While it may seem like New Year’s Day was just the other day with the giant ball falling in Times Square, we’re already halfway through 2015. Whether you’re an individual with a W-2 job or a self-employed small business owner who earns 1099 income, now is a good time to review your current tax and financial situation—and to look ahead at the rest of the year and into 2016.
Consider these 2015 midyear tax tips:
Complete your tax extension filings.
If you filed for a tax extension before April 15th, now is a good time to complete your filings with the IRS. Remember that the extension deadline is October 15th, which isn’t that far off into the future. Nail down your deductions, make your calculations, and get your tax return to Uncle Sam so you don’t have to worry about it for the rest of the year.
Don’t forget the September 15th estimated tax deadline.
If you owe estimated taxes as a small business owner or self-employed 1099 contractor, there is a tax deadline looming in less than two months. Estimated tax payments on your income must be paid to the IRS by September 15th. Use Form 1040-ES to complete these filings.
Related Article: How to Maintain a Sane Approach to Taxes
Review your employment/small business situation.
What type of work have you done since January 1st? Do you plan on doing the same type of work the rest of the year? Do you plan on adding a new small business to your repertoire before December 31st? Review your income situation to determine how any changes may affect your taxes for the rest of 2015. If things are status quo, you may not need to make any major tax or financial decisions at this point.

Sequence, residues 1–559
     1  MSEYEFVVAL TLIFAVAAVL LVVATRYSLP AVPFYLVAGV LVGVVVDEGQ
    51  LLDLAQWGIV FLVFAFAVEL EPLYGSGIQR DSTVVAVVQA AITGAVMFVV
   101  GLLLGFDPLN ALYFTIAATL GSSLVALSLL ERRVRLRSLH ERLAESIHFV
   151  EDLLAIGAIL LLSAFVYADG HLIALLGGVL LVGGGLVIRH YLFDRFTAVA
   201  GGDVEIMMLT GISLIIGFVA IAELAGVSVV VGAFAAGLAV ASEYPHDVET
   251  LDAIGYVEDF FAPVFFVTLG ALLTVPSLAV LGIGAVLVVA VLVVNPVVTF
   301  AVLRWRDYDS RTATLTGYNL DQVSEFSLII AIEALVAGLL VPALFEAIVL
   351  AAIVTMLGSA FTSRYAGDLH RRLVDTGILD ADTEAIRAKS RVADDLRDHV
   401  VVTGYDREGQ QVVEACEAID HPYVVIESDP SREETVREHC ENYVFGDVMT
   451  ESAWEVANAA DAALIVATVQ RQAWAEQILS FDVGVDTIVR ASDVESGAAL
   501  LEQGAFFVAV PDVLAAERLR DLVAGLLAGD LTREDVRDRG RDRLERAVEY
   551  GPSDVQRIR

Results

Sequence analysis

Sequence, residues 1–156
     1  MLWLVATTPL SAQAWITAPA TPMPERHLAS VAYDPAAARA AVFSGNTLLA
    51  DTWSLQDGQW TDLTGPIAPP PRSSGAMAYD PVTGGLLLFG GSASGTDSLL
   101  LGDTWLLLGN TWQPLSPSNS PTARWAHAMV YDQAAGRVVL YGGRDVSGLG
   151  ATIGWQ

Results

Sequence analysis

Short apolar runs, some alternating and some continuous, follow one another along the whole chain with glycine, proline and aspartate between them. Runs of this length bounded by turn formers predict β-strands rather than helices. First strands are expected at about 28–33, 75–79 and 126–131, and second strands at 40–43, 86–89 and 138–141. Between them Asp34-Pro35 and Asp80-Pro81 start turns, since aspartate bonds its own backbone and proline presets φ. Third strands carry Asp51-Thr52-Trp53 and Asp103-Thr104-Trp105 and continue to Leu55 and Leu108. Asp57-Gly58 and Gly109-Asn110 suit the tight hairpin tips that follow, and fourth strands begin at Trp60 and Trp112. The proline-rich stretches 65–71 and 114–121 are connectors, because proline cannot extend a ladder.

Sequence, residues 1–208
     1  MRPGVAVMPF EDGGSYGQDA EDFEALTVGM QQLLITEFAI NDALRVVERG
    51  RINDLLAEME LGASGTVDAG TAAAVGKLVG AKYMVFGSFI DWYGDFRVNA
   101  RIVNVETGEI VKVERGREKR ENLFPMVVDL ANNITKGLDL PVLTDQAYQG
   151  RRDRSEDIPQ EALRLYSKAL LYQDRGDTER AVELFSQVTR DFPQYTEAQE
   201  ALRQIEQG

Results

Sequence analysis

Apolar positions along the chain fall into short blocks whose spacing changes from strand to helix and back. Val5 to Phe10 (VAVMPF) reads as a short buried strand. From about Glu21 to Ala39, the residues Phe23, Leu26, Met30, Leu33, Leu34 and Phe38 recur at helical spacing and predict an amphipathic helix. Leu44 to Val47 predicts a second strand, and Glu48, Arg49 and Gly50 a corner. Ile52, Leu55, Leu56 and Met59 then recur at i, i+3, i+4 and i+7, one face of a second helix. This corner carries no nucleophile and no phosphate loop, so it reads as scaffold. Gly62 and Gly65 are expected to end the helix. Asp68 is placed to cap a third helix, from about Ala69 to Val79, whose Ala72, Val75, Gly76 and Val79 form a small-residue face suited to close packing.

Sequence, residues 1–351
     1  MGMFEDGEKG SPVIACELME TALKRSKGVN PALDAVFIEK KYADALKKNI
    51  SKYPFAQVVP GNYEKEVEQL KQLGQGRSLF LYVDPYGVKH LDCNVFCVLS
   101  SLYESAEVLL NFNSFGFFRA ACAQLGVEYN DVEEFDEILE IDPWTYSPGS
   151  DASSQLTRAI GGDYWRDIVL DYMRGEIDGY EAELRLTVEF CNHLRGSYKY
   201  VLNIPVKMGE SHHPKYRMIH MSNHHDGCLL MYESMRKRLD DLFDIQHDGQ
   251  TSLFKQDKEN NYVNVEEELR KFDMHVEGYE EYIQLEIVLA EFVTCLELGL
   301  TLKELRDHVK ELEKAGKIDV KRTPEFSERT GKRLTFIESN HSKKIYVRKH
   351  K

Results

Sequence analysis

Don’t forget about the summer day camp deduction.
If you sent or will send your kids to a summer day camp this year, you can claim these expenses as a deduction on your tax return. Summer day camp fees can be claimed on your return if you send your child to a summer day camp so that you can either work during the day or look for work. Be sure to keep proper documentation of any summer day camp expenses you incur as a parent so that you’ll have this information readily available to claim the write-off in 2016.
Examine your financial situation.
Take a close look at your overall financial situation. How much money have you made in 2015? Where has this income flowed in? Then look at how much money you’ve spent—and what your expenditures have been this year. See if you can increase your tax-free income and reduce your tax liability on the taxable money you earn. Discover ways to cut your expenses as well, such as revisiting a budget or shopping for less expensive products and services.
Be aware that the healthcare tax penalty went up in 2015.
If you do not have health insurance, consider getting it before the end of the year. The Affordable Care Act, which requires all Americans to have medical insurance or face a penalty, was formally implemented on individuals in 2014. That was when a penalty was first levied on uninsured taxpayers. This year, the penalty has increased to the greater of $325 for adults and $162.50 for children. But it cannot exceed $975 or 2% of household income minus the tax-filing threshold of a certain taxpayer.